As Tennis Elbow Plagues Players, Treatment and Prevention Prevails

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As Tennis Elbow Plagues Players, Treatment and Prevention Prevails
Leading sports medicine expert on smart advice for a nagging injury

NY, NY and Greenwich, CT, January 2007 — With active indoor tennis programs to extend the season, players are now on court year-round, which can lead to wear and tear of the joints and muscles and a rise in overuse injuries. The most common upper extremity complaint among recreational players is tennis elbow, accounting for 75% to 85% of elbow injuries, according to the American Orthopaedic Society for Sports Medicine. Tennis elbow can affect as many as half of athletes in racquet sports with the majority of sufferers between the ages of 30 and 50, according to the American Academy of Orthopaedic Surgeons.

“Tennis elbow, technically known as lateral epicondylitis, is an inflammation of the tendon that attaches to the ulna, one of the three bones that make up the elbow joint,” explains Kevin Plancher M.D., a leading NY-area orthopedist and founder of the Orthopedic Foundation for Active Lifestyles (www.ofals.org) – a non-profit organization dedicated to advancements in research and education for orthopedics and sports medicine. Dr. Plancher notes that even people who don’t play tennis can get tennis elbow, particularly those who use their forearm repetitively, such as golfers, and even those working on computers or with tools. Dr. Plancher advises that tennis elbow should not be overlooked just because it’s so common. If there is regular pain, it is important to see a doctor to start treatment before the situation gets worse.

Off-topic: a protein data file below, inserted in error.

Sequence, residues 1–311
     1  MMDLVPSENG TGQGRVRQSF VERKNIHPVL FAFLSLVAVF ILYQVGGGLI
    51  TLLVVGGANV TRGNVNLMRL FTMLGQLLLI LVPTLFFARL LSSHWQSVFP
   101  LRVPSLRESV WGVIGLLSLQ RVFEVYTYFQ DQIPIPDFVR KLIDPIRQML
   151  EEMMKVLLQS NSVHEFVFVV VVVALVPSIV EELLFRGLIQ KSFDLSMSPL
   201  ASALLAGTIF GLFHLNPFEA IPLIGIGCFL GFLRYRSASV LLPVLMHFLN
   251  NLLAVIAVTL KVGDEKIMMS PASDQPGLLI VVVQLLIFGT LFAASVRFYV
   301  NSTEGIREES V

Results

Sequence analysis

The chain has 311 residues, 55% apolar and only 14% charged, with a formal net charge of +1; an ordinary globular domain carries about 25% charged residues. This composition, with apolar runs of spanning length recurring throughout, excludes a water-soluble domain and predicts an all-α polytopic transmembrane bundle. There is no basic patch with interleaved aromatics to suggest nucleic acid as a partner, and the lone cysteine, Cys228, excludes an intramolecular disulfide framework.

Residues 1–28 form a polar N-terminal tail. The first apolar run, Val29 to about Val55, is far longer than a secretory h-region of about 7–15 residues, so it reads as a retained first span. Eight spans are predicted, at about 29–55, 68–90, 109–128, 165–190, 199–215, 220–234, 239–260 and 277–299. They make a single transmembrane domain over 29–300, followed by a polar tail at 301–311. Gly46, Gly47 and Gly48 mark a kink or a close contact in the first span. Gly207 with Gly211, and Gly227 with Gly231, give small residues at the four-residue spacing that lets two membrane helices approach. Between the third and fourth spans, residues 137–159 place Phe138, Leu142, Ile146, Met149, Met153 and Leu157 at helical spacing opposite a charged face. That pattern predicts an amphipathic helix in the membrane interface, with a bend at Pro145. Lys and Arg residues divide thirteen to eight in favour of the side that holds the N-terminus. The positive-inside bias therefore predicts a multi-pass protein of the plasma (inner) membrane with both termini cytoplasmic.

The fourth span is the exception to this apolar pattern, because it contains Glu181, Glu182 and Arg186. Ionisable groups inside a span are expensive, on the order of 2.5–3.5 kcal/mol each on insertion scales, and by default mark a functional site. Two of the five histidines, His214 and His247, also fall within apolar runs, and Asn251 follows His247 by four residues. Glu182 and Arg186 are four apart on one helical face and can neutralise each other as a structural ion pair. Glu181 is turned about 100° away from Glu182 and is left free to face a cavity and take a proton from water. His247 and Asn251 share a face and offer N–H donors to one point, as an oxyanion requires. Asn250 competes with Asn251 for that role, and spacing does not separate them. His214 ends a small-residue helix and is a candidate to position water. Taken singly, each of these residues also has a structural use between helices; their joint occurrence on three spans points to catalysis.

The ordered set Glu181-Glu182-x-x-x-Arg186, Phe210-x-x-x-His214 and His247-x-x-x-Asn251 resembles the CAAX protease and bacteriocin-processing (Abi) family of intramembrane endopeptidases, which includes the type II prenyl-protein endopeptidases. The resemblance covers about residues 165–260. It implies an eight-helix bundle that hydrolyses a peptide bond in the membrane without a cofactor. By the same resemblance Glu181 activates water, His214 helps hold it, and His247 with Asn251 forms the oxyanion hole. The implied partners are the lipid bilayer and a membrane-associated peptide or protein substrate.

The main symptom of tennis elbow is pain along the outside of the elbow that is intensified by gripping a tennis racquet or a cup of water or lifting a simple object. A doctor can diagnose tennis elbow upon examination. X-rays or MRIs are usually not useful unless symptoms have been long lasting. The most effective treatment for 95 percent of the cases is non- operative, according to Dr. Plancher, and involves Rest, Ice, Compression and Elevation (RICE). “Non-steroidal antiinflammatory drugs (NSAIDs) and corticosteroid injections are sometimes prescribed as well, ” he added. Once a patient is pain free, Dr. Plancher recommends a course of physical therapy to stretch and strengthen the arm muscles prior to resuming activities.

For severe cases where tennis elbow does not respond to the conventional treatments, there is a safe, minimally-invasive arthroscopic surgical procedure to repair the tendon. “We are now able to surgically repair or release the injured tendons using two pinholes, just three millimeters each, which means a much quicker surgical recovery than would be necessary with an open procedure,” said Dr. Plancher. The procedure can be performed in one day and it can result in a longer-term solution that helps patients regain range of motion quickly, according to Dr. Plancher. For the prevention of tennis elbow, Dr. Plancher recommends the following tips for tennis players:

  1. A proper warm up. Always warm up prior to playing, especially if the indoor facility is cold.
  2. Proper technique. Work with a pro if necessary to ensure proper mechanics and stroke execution. Tennis elbow can result from hitting the ball late or incorrectly.
  3. Stretch. Always stretch after playing. Tight muscles are more likely to become injured than flexible ones.
  4. Avoid overuse. Consider playing every other day rather than on consecutive days to give the arm a rest. Choose a sport that uses different muscles on the alternate days.
  5. Pay attention to pain. Use caution and stop playing. Ice the area. See a doctor and take the necessary steps to recovery.

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